Designing the Workspace Third Place
In a previous Insights post, I wrote about a renewed emphasis on “real human interaction” in the workplace and suggested some broad ways to think about the areas that foster these connections.
Creating an area that becomes a social magnet and gets people out of a strictly business mindset doesn’t necessarily mean allotting more square footage for the office lunchroom. The size of the space isn’t as important as the quality of what happens there. These are the places where the magic happens, where casual information-sharing builds community and unexpected chats spark new ideas.
Increasingly, workplace “third spaces” are taking their cues from the hospitality sector — hotels, lounges, restaurants, spas; places people associate with relaxation, refreshment, and social interaction. Unlike the buttoned-up nature of the meeting room, these informal spaces draw people in and encourage them to slow down for a moment, thereby creating an opportunity for that chance interaction with a co-worker. What does hospitality mean? Lodging, comfort. Here, a holistic attention to materials (textured surfaces, plusher seating), lighting (warm and ambient, and more decorative), and amenities (food and beverage; reading materials) is essential.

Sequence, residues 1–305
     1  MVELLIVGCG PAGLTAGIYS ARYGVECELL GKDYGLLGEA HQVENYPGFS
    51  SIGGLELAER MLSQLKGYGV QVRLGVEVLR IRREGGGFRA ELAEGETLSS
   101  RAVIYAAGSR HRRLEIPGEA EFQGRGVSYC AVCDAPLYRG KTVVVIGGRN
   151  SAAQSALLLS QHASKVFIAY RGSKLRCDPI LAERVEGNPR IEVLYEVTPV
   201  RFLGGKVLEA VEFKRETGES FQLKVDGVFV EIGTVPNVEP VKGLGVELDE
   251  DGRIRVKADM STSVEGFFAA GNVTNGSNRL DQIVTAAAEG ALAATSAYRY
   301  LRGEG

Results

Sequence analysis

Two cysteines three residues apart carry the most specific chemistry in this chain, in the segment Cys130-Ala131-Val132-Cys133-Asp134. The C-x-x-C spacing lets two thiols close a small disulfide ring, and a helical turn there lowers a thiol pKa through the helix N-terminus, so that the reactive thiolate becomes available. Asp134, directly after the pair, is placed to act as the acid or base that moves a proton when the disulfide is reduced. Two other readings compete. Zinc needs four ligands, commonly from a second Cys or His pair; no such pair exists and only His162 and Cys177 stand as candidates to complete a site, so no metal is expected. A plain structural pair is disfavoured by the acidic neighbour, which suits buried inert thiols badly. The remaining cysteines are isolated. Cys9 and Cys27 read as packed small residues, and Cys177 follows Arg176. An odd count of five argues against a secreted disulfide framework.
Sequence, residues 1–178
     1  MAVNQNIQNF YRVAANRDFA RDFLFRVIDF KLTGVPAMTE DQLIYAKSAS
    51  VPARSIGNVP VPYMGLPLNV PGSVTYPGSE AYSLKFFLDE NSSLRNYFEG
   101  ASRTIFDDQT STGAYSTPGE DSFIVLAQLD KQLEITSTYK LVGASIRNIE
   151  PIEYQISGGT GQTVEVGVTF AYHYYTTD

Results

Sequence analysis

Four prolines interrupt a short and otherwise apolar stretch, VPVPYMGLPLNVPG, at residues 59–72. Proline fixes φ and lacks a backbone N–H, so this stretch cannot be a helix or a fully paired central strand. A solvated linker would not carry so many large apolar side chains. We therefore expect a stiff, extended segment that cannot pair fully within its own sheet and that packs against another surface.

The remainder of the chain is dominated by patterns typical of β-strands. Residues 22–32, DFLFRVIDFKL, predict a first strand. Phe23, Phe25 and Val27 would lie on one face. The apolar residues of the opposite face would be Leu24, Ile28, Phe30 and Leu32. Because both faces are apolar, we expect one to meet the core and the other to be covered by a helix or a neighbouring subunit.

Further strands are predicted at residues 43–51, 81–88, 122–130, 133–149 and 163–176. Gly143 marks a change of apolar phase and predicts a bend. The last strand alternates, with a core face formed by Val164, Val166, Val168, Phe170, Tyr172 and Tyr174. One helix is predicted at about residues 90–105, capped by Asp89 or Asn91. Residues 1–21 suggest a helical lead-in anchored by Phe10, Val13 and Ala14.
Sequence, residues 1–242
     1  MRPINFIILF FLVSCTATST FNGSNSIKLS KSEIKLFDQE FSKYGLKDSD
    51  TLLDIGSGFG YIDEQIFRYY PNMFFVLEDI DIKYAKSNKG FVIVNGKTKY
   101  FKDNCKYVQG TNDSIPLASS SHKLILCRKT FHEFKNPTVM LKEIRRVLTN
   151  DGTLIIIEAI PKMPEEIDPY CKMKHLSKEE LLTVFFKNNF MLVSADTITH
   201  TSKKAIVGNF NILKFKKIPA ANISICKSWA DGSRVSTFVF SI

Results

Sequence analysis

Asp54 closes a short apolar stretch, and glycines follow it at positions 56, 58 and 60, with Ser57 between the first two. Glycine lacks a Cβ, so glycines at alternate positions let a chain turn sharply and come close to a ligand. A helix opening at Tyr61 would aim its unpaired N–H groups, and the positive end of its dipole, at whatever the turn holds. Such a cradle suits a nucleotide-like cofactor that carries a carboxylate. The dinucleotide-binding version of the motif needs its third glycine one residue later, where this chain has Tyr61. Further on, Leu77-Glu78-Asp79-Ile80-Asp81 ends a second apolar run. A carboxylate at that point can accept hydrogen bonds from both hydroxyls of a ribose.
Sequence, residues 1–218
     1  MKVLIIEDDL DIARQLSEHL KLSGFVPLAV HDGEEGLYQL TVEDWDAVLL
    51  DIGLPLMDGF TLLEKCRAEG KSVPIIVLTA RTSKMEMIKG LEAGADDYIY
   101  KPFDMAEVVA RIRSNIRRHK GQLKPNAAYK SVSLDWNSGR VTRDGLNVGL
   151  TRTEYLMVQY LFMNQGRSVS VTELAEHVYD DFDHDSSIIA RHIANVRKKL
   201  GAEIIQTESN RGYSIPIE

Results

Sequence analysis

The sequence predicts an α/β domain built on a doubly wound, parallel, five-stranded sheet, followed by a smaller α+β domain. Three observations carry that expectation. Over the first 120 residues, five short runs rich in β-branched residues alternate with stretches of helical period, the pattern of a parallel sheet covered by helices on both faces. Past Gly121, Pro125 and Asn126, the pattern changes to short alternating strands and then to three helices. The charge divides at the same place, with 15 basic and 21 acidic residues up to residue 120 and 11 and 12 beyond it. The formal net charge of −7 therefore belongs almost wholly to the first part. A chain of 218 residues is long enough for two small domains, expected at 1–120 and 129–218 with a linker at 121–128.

DLR Group’s design for Adjustable Forms Inc.’s office offers a good example of such a space. When people take a break from their focused tasks and enter a light-filled room that offers refreshment, that’s lively and healthy, they enter a different frame of mind, one more conducive to creative ideas and new connections.
Think about the origin of the phrase "water cooler effect" — the way socializing and informal conversation in the workplace boost productivity. If something this beneficial for the office was born around an object as mundane as a plastic tub of water, then clearly workers’ need to connect in this way is fundamental. By making that space more hospitable, more attractive, you multiply the power of those interactions.